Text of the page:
Rent-seeking in Financial Services
When I was an undergraduate, I used to argue with my engineer pals about the social usefulness of Finance. They compared it with the work of a factory and described financial services as ‘just moving money around’. They accused it of adding no value.
My defence is that moving money around creates value and is socially useful in just the same way as supermarkets move groceries around, creating value and being socially useful.
The ecosystem of large and small manufacturers, supermarkets, wholesalers, retailers and the associated support industries such as packaging, logistics and advertising, is no different to the ecosystem of high street banks, investment banks, hedge funds, high frequency traders, private equity, pension funds and asset managers and their support industry of analysts, lawyers, and financial advisors.
The grocery market moves fruit and veg and household goods around from people who produce them to people that need to them. The financial services industry moves money from people who provide it (savers) to people that need it (companies and governments). The activities it facilitates, such as pensions, and private and public investments, are of immense social usefulness.
It is certainly true that financial services attract the type of traders who are out to make a fast buck, buying and selling stocks (or whatever) to each other with no intention of ever using the underlying asset. Theirs is a zero-sum game. What social purpose do they serve? A vital one actually:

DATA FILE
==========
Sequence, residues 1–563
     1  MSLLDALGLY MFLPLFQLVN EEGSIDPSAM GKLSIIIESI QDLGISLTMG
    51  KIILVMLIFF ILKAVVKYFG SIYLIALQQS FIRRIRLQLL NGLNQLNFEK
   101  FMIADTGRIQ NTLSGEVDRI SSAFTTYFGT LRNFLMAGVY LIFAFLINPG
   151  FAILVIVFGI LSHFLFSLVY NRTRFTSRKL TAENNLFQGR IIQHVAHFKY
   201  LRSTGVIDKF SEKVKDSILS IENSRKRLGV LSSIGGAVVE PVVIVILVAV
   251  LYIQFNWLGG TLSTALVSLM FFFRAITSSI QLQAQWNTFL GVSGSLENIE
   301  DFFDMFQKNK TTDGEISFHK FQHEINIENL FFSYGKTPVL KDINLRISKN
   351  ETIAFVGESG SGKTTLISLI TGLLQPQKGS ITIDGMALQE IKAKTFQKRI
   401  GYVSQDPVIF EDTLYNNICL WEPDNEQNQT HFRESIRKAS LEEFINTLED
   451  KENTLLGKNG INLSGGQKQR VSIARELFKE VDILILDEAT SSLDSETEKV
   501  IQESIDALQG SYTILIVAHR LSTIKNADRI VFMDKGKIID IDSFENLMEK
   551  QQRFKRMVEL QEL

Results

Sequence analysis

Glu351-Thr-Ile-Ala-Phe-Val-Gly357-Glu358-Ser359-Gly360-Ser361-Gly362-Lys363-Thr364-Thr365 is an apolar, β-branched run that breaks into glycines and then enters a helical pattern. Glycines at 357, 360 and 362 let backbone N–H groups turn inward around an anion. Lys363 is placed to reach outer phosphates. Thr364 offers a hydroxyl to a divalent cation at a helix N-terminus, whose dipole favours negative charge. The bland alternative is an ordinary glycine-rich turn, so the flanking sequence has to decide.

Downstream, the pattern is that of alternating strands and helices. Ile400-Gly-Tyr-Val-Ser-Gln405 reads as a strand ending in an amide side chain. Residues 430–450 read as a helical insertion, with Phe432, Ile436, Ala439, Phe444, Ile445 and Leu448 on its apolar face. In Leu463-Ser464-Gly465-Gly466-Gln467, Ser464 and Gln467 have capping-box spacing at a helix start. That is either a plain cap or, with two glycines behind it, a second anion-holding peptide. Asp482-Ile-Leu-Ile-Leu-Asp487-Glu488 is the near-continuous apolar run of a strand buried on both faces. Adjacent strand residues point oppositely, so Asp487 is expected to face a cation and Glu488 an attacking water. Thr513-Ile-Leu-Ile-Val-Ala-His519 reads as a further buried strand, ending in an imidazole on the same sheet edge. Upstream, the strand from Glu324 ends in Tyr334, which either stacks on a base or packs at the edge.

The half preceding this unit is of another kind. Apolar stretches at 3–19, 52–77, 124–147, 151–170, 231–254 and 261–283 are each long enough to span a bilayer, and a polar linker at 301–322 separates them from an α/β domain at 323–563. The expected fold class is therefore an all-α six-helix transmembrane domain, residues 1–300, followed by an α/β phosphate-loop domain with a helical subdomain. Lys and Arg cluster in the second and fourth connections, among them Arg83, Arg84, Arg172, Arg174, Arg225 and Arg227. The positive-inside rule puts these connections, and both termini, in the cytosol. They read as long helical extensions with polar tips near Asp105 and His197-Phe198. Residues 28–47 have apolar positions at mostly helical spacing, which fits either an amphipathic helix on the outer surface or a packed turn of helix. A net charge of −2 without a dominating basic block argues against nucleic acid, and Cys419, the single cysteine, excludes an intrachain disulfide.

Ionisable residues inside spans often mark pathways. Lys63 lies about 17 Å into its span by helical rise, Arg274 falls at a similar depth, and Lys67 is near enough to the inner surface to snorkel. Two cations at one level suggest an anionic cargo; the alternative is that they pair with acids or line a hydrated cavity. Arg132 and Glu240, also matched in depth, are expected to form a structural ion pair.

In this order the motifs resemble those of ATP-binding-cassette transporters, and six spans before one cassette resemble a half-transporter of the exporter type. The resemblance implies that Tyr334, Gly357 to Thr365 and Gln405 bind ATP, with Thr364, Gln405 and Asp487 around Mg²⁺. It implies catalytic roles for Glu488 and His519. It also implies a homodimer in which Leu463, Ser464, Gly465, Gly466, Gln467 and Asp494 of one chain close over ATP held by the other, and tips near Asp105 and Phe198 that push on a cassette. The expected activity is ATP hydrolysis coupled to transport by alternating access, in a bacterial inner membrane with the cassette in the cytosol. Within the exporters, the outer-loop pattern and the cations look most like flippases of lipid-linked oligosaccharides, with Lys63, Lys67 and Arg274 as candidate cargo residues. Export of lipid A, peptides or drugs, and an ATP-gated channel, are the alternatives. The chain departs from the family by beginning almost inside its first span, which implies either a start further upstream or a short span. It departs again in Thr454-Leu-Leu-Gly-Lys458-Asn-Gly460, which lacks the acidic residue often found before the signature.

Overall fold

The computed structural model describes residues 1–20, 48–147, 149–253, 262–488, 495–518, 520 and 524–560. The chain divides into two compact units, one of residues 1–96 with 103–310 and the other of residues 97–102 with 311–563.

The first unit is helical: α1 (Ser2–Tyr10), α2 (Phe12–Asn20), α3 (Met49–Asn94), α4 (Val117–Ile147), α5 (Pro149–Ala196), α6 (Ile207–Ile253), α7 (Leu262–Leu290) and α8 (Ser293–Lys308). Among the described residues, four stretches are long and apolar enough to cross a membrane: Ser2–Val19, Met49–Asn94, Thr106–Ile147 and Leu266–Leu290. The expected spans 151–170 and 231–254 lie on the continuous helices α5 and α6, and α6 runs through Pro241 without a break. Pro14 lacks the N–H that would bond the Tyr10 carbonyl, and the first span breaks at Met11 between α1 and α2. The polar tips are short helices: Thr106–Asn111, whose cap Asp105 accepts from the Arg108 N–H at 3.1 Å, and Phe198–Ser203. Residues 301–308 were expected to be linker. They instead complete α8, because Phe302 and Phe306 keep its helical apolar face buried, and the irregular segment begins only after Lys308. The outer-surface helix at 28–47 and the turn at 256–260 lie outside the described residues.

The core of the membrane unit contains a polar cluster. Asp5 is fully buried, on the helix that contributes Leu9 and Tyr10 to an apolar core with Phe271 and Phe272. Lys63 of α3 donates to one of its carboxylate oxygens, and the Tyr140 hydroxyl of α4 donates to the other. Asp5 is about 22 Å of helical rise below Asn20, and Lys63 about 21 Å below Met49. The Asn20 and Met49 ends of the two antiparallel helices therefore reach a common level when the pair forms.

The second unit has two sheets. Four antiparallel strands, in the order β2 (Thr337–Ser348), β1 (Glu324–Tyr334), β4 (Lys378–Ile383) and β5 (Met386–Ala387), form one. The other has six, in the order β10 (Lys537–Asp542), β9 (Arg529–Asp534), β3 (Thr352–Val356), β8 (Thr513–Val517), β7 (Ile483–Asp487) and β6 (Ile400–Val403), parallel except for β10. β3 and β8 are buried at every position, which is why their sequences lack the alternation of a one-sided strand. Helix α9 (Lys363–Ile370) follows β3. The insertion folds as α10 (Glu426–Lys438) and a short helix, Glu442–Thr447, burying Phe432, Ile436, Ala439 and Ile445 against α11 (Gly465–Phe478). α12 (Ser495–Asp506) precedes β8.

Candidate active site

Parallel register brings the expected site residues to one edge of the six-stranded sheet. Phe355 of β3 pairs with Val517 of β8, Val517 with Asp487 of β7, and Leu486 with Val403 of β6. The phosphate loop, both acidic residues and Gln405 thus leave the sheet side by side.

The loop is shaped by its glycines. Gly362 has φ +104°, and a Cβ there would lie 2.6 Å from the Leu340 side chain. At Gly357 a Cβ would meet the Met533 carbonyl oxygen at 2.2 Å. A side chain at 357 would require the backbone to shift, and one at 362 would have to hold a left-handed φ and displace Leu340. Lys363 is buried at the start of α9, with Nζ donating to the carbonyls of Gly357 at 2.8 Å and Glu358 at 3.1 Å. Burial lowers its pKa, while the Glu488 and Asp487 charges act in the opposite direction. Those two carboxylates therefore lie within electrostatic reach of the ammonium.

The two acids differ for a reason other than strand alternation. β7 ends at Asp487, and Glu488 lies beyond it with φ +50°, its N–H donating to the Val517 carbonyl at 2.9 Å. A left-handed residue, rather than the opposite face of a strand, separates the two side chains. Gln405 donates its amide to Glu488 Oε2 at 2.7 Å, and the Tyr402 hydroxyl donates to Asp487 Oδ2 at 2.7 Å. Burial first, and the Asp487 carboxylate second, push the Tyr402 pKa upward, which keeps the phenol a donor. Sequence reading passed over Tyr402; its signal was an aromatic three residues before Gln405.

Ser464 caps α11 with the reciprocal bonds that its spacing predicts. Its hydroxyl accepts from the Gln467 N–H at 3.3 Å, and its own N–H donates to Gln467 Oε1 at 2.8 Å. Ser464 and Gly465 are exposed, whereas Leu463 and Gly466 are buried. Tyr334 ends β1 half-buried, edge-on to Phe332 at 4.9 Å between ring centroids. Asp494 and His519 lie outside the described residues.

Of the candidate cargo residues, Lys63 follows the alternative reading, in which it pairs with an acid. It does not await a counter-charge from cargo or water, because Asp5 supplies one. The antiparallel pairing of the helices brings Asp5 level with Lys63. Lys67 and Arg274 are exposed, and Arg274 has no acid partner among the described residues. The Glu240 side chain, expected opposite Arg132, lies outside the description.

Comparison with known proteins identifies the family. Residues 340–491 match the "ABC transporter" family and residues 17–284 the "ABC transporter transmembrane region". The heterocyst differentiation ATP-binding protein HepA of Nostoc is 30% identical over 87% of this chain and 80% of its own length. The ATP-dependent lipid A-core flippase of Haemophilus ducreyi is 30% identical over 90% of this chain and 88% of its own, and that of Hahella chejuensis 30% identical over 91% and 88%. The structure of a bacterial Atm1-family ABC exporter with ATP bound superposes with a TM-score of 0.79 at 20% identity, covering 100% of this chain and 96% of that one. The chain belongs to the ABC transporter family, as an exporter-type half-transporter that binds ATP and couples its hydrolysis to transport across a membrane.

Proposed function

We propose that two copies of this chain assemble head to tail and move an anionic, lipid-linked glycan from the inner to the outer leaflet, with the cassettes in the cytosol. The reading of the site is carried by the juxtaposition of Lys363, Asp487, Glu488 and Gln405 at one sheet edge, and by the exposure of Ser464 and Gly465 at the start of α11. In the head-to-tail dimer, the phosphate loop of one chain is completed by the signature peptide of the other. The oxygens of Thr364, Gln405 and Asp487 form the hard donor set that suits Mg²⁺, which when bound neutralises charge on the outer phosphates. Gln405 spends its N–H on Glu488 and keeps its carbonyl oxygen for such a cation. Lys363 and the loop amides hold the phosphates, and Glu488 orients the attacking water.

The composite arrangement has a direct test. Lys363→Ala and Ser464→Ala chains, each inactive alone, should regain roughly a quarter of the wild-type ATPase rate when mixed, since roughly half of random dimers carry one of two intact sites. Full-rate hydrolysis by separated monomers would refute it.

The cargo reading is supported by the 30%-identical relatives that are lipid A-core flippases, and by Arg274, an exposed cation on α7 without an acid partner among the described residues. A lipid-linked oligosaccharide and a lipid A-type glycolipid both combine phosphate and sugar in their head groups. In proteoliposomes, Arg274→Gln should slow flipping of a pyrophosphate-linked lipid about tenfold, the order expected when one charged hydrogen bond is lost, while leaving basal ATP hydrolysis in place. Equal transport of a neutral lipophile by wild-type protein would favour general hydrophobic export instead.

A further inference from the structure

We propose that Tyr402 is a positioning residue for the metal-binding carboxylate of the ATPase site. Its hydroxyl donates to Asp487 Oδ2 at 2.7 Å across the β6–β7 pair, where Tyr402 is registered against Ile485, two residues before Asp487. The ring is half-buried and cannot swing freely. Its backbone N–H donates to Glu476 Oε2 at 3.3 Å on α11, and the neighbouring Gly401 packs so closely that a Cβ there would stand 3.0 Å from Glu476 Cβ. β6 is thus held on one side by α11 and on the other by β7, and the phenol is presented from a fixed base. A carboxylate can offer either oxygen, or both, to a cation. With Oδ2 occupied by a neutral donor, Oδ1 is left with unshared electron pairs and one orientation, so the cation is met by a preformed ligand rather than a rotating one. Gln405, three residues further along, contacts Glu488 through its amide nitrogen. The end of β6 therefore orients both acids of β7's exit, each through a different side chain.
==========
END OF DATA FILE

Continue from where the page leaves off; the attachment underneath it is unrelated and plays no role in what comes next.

- Price discovery
- Risk quantification
- Asset allocation
All those traders trying to rip each other off are doing the rest of us a favour. They help establish a fair price and – through derivatives – manage risk and, ultimately, ensure money flows to those assets where it is valued most, and therefore likely to be used most efficiently.
Since I was arguing with my fellow under-graduates in the mid-eighties, the financial services industry, and banking in particular, grew and grew, eventually occupying quite a dominant role in society. This is not so surprising because leverage turbo charges investment returns. However, as the industry expanded, rent seeking behaviour became so overt in the form of extreme bonuses that the whole industry, after a crash that nearly brought us all down, stands accused of being morally corrupt.
Rent-seeking is where someone finds a way to make money without doing anything productive. The term ‘rent’ really just refers to income; it is not accusing landlords of being unproductive. It refers to the ability of the rent-seeker to exploit power or position to make excessive and unjustified profits. Profiteering I call it. Rent extraction is not confined to financial services. I’ve been on the other side of the table with a construction company that exploited its position to make out-sized profits at the expense of the public sector. Compliant Remuneration Committees paying Chief Executives huge bonuses is a similar example. Such behaviour shows the rent-seekers to have no honour or integrity but it is the job of public policy to prevent or discourage it.
Where the financial services industry can be criticised for rent-seeking is its liberal use of ad valorem pricing. It means simply working on a big deal means earning a big fee regardless of the work you put in. Ten years on from the financial crisis, the industry is still adapting. One of the drivers of Populism is that it is not changing fast enough.